The current leaders of Burma?s 25-year-old human rights movement now speak the language of national security, absolutist sovereignty, and conditional human rights, echoing the language and sentiment of their former captors, the ruling military. The NLD and the democracy opposition have failed to see their own personal and ideological contradictions. Their embrace of conditional human rights and their absolutist reading of sovereignty indicates that they have talked the talk of Buddhism, with its ideal of universal lovingkindness, but have failed to walk the walk. Many student leaders and human rights activists of the 1988 uprisings who spent half their lives behind bars in the notorious military-run Insein Prison as ?prisoners of conscience? are unprepared to extend such human rights ideals to the Rohingya Muslims, a population that the United Nations identifies as one of the world?s most persecuted minorities.
Buddhism, as a religious and philosophical system, has absolutely nothing to say about the political, economic, and cultural organizations that we call nation states. Buddhism is not about people imagining a national community predicated upon adversarial relations but rather about using one?s own intellectual faculties to see through the nonexistent core-essence of self. Yet in Burma, this humanistic philosophy has proven itself indisposed to guard against overarching societal prejudices and their ultranationalist proponents, those Burmese who vociferously profess their adherence to Buddhist faith, practice religious rituals and patronize Buddhist institutions, and then proceed to commit unspeakable atrocities against anyone they imagine to be an enemy of Buddhism, the Buddhist state, Buddhist wealth, Buddhist women, and Buddhist land. Instead of propagating the guiding societal principles of religious tolerance, nondiscrimination, and social inclusion among lay devotees, the influential Buddhist clergy themselves have, in their outspoken criticism and picketing against the Royingya, become an entire people?s most dangerous threat.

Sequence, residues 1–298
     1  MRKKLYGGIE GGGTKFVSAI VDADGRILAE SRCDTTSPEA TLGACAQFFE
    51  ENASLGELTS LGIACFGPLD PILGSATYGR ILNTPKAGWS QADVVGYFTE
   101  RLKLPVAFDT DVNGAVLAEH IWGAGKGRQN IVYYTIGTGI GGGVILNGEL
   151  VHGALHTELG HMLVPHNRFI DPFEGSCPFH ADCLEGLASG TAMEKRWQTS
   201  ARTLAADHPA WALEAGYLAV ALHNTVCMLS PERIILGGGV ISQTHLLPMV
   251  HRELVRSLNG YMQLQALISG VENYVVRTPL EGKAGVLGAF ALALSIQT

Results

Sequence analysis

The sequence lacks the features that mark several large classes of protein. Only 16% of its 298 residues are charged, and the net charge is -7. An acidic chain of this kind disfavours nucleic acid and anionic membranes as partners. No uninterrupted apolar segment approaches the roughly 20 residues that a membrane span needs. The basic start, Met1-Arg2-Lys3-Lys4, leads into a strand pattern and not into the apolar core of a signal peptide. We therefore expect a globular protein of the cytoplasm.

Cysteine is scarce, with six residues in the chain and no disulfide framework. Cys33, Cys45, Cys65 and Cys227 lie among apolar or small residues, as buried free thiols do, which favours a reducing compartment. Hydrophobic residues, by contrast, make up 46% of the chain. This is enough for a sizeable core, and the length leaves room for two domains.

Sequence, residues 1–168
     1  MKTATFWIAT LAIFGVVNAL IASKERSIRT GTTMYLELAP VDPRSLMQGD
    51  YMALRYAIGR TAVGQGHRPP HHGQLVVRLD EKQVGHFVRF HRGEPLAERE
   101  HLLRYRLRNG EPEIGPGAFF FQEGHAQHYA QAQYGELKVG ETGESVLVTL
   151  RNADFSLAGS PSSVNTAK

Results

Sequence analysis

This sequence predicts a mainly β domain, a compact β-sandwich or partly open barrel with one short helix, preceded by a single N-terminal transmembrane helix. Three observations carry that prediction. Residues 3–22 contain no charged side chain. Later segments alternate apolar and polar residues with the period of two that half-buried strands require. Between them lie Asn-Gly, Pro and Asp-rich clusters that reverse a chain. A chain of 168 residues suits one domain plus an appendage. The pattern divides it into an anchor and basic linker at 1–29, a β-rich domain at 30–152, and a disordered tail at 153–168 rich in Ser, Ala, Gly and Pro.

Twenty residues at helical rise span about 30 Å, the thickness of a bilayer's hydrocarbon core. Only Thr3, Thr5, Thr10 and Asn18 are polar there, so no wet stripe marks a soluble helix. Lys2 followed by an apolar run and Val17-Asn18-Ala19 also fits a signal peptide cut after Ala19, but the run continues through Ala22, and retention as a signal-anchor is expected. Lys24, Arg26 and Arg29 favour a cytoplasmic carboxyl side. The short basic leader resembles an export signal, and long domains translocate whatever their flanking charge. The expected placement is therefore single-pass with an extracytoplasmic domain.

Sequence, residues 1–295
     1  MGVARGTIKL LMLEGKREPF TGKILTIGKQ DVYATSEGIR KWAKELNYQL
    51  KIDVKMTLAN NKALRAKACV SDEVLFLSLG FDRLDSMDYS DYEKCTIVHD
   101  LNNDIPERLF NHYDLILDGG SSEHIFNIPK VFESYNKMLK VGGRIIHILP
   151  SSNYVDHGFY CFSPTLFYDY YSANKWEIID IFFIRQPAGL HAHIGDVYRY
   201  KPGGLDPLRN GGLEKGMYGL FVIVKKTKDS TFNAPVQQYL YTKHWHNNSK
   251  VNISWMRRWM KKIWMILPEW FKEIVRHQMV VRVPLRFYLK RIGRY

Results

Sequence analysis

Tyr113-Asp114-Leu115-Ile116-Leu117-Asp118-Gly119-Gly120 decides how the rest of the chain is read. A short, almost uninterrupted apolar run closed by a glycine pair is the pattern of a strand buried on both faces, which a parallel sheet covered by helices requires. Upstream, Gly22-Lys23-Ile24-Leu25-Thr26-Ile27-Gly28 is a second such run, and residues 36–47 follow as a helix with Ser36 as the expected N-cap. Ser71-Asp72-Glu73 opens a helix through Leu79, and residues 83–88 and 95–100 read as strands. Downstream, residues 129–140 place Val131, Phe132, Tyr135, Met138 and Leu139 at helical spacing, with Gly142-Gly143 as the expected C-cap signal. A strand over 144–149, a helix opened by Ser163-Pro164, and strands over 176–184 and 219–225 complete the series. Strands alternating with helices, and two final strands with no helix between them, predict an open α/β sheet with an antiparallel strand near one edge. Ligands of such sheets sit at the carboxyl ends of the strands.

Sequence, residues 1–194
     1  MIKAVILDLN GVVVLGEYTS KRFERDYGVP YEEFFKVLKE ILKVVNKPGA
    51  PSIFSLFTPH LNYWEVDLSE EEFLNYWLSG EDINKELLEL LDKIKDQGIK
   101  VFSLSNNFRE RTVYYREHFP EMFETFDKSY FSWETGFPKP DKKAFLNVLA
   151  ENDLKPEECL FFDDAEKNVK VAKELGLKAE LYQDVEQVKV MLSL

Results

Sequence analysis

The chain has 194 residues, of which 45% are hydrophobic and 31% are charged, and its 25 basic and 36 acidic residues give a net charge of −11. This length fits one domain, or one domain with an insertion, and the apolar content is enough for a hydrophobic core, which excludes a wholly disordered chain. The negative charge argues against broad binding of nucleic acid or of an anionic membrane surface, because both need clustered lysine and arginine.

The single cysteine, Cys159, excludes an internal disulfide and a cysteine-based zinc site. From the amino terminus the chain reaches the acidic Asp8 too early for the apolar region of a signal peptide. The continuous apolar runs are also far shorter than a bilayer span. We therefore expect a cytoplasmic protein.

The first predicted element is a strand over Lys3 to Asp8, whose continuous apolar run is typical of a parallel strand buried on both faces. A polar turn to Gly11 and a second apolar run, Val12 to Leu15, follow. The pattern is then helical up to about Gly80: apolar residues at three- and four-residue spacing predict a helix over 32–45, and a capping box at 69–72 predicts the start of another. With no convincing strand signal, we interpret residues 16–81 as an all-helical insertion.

Throughout the alien British rule from 1824 to 1948, the Buddhism of colonial Burma contributed to the formation of a common national identity, providing a basis for concerted anti-imperialist efforts among disparate social classes and ethnolinguistically diverse Buddhist communities with conflicting political interests. The current resurgence of racism is a direct result of a half century of despotic military rule. The careful construction of an iron cage?a monolithic constellation of values, an ad hoc ethos?locks in and naturalizes a singular view of what constitutes Burma?s national culture. The dominant population remains potently ethnonationalist, essentializing Buddhism as the core of an authentic Burmese national identity.
For a minority of Burmese Buddhists, the combination of Buddhist nationalism and strong racial distinctions that served as an ideological springboard and a rallying cry against the British Raj is now scorned as a thing of the past. But for many Burmese Buddhists, the same ethnoreligious nationalism that once served the Burmese independence movement has provided an environment in which their racism can flourish.